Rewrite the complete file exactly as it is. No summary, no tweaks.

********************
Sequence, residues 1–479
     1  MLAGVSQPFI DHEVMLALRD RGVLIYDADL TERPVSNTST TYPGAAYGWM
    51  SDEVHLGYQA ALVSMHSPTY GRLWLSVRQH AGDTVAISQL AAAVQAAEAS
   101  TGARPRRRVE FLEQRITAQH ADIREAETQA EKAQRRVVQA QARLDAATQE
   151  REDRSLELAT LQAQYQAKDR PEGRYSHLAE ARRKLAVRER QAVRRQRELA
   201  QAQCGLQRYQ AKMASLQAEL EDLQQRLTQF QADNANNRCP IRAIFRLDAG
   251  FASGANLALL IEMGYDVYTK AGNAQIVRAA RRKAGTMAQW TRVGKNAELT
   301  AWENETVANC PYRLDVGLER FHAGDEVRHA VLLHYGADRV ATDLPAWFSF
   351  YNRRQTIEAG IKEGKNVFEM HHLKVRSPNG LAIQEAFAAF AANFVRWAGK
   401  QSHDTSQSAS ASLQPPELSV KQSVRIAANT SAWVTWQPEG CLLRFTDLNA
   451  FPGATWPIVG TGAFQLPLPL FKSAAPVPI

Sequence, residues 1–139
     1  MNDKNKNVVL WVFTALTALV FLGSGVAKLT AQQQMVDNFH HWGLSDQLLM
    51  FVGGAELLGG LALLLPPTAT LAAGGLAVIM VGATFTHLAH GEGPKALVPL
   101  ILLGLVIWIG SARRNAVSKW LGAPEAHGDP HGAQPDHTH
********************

Sequence, residues 1–479
     1  MLAGVSQPFI DHEVMLALRD RGVLIYDADL TERPVSNTST TYPGAAYGWM
    51  SDEVHLGYQA ALVSMHSPTY GRLWLSVRQH AGDTVAISQL AAAVQAAEAS
   101  TGARPRRRVE FLEQRITAQH ADIREAETQA EKAQRRVVQA QARLDAATQE
   151  REDRSLELAT LQAQYQAKDR PEGRYSHLAE ARRKLAVRER QAVRRQRELA
   201  QAQCGLQRYQ AKMASLQAEL EDLQQRLTQF QADNANNRCP IRAIFRLDAG
   251  FASGANLALL IEMGYDVYTK AGNAQIVRAA RRKAGTMAQW TRVGKNAELT
   301  AWENETVANC PYRLDVGLER FHAGDEVRHA VLLHYGADRV ATDLPAWFSF
   351  YNRRQTIEAG IKEGKNVFEM HHLKVRSPNG LAIQEAFAAF AANFVRWAGK
   401  QSHDTSQSAS ASLQPPELSV KQSVRIAANT SAWVTWQPEG CLLRFTDLNA
   451  FPGATWPIVG TGAFQLPLPL FKSAAPVPI

Sequence, residues 1–139
     1  MNDKNKNVVL WVFTALTALV FLGSGVAKLT AQQQMVDNFH HWGLSDQLLM
    51  FVGGAELLGG LALLLPPTAT LAAGGLAVIM VGATFTHLAH GEGPKALVPL
   101  ILLGLVIWIG SARRNAVSKW LGAPEAHGDP HGAQPDHTH